Thornberry continues:-

By offering [suspected sex offenders] a layer of protection not provided to other suspects, we would fan a pernicious myth that there is something inherently unreliable, unstable and vindictive about rape complainants, setting them apart from other types of victim.

for…

Recent research by the… Director of Public Prosecutions… has discredited the idea that false allegations are a particular problem with rape cases… Introducing anonymity for rape suspects would set the clock back on efforts to bring a more enlightened approach to these cases.

But that’s not the point. No one is claiming that the system is rife with false allegations, though there are probably more than the DPP’s statistic would lead us to believe. In any event, there are doubtless more cases where a complainant’s evidence is unreliable for a whole range of possible reasons [7]. The better test would be to inquire as to how many convictions and how many acquittals there have been for sexual offences over a given period.

In May 2014 the media reported that “conviction rates in England and Wales for rape, child sex abuse, indecent assault and other types of sexual offending fell from 61 per cent to 55 per cent in 2013”.

Fully 32% of those charged who were not convicted or cautioned. This suggests (1) that too many complaints proceed to prosecution (see more on this in our next post); and (2) that A C Grayling’s “one fundamental issue” is more telling than Thornberry wishes to admit.

Barrister Blogger is supportive of defendant anonymity. He points out that it was in fact the law, in rape cases, in England and Wales between 1976 and 1988 – it’s been done before. Yes, he admits, there is a logical inconsistency in granting defendant anonymity in sexual offence cases but not in other serious cases, such as murder. But:-

The fact is that the law already recognises the unique difficulties of sexual cases by providing blanket anonymity to complainants, before, during and after any trial. Similar considerations, including a justified fear of a crazily disproportionate reaction to an untested allegation, suggest that defendants in these cases should at least be given a similar protection until they are convicted.

What’s more, he says, anonymity would lead to fairer trials, especially in celebrity cases, and it would “avoid the pre-trial public relations battle”.

Legal academic Richard Glover is not convinced. He takes the point about potential damage to innocent defendants’ lives and reputations, and “can certainly sympathise with” their predicament. However, he feels that “the important principle of open justice” militates against defendant anonymity.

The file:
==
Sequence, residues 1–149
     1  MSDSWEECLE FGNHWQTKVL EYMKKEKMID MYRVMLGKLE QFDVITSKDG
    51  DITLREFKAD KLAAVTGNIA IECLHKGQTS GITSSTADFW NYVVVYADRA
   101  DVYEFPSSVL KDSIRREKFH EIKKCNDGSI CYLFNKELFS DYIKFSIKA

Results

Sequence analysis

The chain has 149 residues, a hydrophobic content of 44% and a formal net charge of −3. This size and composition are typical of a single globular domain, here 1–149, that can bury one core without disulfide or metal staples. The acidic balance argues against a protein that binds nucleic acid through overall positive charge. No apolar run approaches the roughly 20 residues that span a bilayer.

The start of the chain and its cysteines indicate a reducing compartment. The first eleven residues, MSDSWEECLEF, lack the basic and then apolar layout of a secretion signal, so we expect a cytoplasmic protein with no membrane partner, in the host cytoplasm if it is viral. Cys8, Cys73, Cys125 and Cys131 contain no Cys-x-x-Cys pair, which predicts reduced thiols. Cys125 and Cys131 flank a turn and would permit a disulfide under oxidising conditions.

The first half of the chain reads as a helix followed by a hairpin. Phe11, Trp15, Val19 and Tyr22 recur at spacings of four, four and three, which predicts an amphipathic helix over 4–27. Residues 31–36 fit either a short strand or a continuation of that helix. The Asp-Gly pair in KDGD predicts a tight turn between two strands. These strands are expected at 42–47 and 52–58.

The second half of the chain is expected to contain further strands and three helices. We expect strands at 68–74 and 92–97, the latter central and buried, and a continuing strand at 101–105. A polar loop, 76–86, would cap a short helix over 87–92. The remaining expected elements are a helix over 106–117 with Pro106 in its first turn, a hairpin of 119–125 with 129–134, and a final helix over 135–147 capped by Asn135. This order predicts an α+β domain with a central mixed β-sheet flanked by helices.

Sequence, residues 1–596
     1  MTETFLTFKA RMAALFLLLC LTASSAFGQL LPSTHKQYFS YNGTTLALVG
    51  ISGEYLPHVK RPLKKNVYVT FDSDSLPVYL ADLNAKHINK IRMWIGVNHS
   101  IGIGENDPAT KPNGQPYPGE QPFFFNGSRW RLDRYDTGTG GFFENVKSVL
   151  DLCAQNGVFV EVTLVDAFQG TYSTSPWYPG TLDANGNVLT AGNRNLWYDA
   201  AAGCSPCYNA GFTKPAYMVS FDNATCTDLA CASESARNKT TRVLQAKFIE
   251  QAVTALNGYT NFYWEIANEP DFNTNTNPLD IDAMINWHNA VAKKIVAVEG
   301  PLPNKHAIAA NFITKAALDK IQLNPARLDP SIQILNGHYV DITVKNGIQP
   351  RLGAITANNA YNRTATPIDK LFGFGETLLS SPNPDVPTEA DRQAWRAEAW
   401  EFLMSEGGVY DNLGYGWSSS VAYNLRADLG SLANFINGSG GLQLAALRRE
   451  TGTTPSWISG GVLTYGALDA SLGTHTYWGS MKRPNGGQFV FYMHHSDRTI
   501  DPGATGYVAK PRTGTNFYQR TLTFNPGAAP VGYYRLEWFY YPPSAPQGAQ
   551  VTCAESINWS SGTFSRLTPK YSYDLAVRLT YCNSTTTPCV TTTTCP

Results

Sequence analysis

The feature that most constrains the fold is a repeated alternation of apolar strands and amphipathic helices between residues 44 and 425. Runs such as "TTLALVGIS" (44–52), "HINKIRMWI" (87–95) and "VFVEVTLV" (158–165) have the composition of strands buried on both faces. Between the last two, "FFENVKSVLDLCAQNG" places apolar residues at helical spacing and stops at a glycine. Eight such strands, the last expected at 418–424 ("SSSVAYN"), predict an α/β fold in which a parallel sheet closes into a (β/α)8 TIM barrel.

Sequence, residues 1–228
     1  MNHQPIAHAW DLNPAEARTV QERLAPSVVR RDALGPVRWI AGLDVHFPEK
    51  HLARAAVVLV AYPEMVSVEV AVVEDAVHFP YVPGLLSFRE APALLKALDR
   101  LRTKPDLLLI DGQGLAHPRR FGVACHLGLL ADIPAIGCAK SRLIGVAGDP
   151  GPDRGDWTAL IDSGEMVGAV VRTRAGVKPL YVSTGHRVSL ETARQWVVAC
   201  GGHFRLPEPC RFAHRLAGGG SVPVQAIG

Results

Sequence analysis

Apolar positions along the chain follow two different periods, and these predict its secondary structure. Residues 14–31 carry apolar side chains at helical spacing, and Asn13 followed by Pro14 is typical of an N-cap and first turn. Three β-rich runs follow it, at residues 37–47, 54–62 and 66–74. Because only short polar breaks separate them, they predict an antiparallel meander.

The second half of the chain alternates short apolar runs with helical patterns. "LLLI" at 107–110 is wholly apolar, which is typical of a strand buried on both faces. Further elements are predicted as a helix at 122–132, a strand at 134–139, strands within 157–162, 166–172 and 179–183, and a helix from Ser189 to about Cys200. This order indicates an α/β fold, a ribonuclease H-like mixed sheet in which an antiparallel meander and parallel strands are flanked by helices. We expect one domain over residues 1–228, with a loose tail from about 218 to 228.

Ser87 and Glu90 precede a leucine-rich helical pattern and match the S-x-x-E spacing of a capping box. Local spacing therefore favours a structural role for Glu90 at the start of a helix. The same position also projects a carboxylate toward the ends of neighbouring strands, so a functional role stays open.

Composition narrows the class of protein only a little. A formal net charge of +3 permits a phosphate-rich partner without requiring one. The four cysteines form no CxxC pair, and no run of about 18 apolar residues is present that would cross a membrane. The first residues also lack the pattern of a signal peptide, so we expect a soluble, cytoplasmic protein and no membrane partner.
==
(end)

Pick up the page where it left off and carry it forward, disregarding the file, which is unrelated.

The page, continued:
That’s probably the strongest point against defendant anonymity. But ultimately it’s not compelling. Open justice is a hallmark of a democratic society. Yet the principle has already been breached for complainants. And what price “open justice” where the outcome of an acquittal is that an innocent person justifiably fears unwarranted and undeserved social stigma?

In our next post we consider the position in the Republic of Ireland, where there is defendant anonymity in rape cases, and we set out our own conclusions.

 


  1. for which he is roundly criticized by Thornberry.  ↩
  2. Barrister Blogger and law academic Richard Glover both put forward versions of this argument, one to support it, the other to say it is “misleading”.  ↩
  3. This is an ad hominem argument, and so probably should be discounted. No one is suggesting people are stupid. But the emotional potency surrounding sexual offences is so great that, despite logic, stigma is likely to last, despite acquittal. As in: “Wasn’t
    s/he the person who was accused of…?”
     ↩
  4. Which way does Thornberry want it? We are being “kept in the dark” about the identity of sexual offence complainants, and she and most people believe that that is right and appropriate. Rather than using emotive language, it would be better to concentrate on why, in her view, there should be no parity here between complainant and unconvicted defendant.  ↩
  5. A specious argument. If publicity does help to bring forward any further complaints, why not gazette all the names of defendants charged with sexual offences? Because that would smack of witch hunt and persecution. Thornberry’s “emboldening more victims” arguments carries little weight.  ↩
  6. This is not how it works. A defendant and his or her lawyers can and will find their own witnesses.  ↩
  7. though it is almost blasphemous to say so in the current climate…  ↩